Kamala Harris will be the first female, Black and Indian Vice President in United States history when her and President-elect Joe Biden are inaugurated in January 2021. This is a move that many feminists and other social justice focused interest groups are proud of. Little girls everywhere will be able to see a world leader that looks just like them.
However, with this historic and monumental point in our history, it is important to highlight other trailblazers throughout history that made it so that a Black, Indian, female Vice President was possible.
1. Sojourner Truth
Her famous "Ain't I a Woman" speech is performed by Kerry Washington and highlights Sojourner Truth's efforts in the fight for civil rights in this country.
2. Malala Yousafzai
Malala is a champion for equal educational opportunities.
3. Coretta Scott King
Coretta was the wife of Martin Luther King Jr. She championed his fight for civil rights alongside her husband and after his death.
4. Laverne Cox
Laverne Cox broke onto our televisions screens and into our hearts in her role in the famous Netflix series, "Orange is the New Black." Laverne Cox stands up for civil rights as well as LGBTQ+ rights as a proud trans woman.
5. Chimamanda Ngozi Adichie
Chimamanda is a champion for equal opportunity for women and often gives powerful and moving speeches such as this one. She has multiple pieces published.
6. Rosa Parks
Rosa Parks is one of the earliest civil rights activists. She refused to give up her seat on a bus for a white man during the time of segregation.
7. Michelle Obama
Michelle Obama was the first African American first lady and still speaks up for social justice issues.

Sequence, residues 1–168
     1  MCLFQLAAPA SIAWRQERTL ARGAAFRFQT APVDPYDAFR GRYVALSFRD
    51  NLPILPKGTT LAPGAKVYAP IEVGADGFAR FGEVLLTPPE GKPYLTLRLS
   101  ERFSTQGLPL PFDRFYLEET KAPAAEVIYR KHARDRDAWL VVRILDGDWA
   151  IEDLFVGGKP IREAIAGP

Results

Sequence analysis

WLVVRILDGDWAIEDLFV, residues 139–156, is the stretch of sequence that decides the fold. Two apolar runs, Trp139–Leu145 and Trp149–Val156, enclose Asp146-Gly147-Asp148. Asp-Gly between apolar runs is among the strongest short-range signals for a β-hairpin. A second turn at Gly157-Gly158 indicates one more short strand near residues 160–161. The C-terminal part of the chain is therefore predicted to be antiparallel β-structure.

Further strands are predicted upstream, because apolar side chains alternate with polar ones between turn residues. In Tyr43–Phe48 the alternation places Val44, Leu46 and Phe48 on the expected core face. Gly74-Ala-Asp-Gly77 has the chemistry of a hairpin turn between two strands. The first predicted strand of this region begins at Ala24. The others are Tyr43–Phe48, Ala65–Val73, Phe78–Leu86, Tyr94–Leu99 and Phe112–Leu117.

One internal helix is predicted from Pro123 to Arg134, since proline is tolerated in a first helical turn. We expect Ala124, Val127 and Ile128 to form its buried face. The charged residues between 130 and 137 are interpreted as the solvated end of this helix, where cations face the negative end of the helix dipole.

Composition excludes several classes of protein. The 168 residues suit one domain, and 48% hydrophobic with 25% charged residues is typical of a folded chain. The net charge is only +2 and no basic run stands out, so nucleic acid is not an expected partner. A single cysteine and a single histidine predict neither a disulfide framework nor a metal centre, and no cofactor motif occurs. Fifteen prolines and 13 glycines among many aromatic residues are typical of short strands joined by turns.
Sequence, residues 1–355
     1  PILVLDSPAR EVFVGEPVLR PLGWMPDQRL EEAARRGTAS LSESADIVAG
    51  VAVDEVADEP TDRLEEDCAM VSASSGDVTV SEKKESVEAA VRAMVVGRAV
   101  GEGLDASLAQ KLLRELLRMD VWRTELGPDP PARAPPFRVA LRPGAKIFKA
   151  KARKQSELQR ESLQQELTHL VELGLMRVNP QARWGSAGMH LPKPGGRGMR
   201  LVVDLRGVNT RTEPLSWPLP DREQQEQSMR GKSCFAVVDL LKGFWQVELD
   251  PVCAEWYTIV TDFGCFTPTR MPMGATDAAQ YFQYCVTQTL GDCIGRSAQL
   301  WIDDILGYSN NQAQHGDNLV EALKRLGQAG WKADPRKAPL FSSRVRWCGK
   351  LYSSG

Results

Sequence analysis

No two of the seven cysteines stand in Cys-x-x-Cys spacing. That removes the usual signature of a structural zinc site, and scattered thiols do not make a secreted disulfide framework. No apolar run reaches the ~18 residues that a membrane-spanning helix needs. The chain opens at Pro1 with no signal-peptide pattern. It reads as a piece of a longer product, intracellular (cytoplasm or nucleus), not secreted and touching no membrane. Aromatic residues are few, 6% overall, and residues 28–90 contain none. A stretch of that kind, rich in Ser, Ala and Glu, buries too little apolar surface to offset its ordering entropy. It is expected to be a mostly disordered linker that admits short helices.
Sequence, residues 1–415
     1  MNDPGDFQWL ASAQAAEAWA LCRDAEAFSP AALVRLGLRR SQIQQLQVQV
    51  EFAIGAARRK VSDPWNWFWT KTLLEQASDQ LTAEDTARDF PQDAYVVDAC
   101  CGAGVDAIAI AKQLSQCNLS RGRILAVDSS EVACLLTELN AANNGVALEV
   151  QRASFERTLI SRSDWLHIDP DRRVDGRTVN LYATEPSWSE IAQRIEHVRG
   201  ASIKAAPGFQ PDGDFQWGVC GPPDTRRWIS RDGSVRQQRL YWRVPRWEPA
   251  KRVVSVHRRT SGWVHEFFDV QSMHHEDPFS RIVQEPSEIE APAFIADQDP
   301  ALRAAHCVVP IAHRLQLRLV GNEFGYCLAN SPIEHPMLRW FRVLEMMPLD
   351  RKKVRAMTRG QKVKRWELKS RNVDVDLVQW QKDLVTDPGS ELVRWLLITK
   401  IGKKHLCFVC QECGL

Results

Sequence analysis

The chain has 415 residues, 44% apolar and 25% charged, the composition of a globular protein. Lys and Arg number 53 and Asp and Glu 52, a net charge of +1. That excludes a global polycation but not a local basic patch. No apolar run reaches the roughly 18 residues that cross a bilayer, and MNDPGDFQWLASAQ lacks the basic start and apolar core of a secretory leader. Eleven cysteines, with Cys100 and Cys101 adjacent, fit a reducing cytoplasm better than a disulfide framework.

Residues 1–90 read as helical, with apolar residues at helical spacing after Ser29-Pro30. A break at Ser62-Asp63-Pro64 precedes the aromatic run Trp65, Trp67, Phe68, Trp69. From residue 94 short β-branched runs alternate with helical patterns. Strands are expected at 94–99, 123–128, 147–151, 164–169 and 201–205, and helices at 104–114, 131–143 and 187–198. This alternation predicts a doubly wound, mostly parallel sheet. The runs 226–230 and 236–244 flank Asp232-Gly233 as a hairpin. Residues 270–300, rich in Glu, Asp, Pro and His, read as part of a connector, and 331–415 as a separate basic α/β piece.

8. Angela Davis
Angela Davis fought for criminal justice reform in 1970 and still fights for criminal justice reform today.
9. Dr. Ruth J Simmons
Dr. Ruth J. Simmons served as the first female African American president of an Ivy League institution by serving as President of Brown University.
10. Dr. Mae Jemison
A champion for women of color in space, she was the first female African American astronaut.
11. Susan Rice
Susan Rice is a champion for human rights and served as the United States ambassador for the United Nations.
12. Fannie Lou Hamer
Fannie Lou Hamer fought for civil rights and for police reform and lived her life with a blood clot in her eye from being beaten so badly by police officers.
13. Misty Copeland
She is a well-known ballerina and trailblazes the way for other women of color in ballet.
14. Nina Simone
This singer fought for civil rights throughout her long lasting career.
15. Ida B. Wells
She lived a life of courage as she broke stories about racial injustices through her time as a journalist.
16. Shirley Chisholm
Shirley Chisholm was the first black woman elected to Congress.
17. Carol Moseley Braun
The first Black woman to serve in the United States Senate who paved the way for Kamala Harris to also be in the senate.
18. Shirley Franklin
Shirley Franklin was the first Black female mayor of Georgia paving the way for women in politics.
19. Loretta Lynch
The former attorney general still fights for criminal justice reform as well as civil rights.
20. Gloria Steinem
Gloria Steinem has always used her fame for good, such as this speech in the 1970s, and is known as the world's most famous feminist.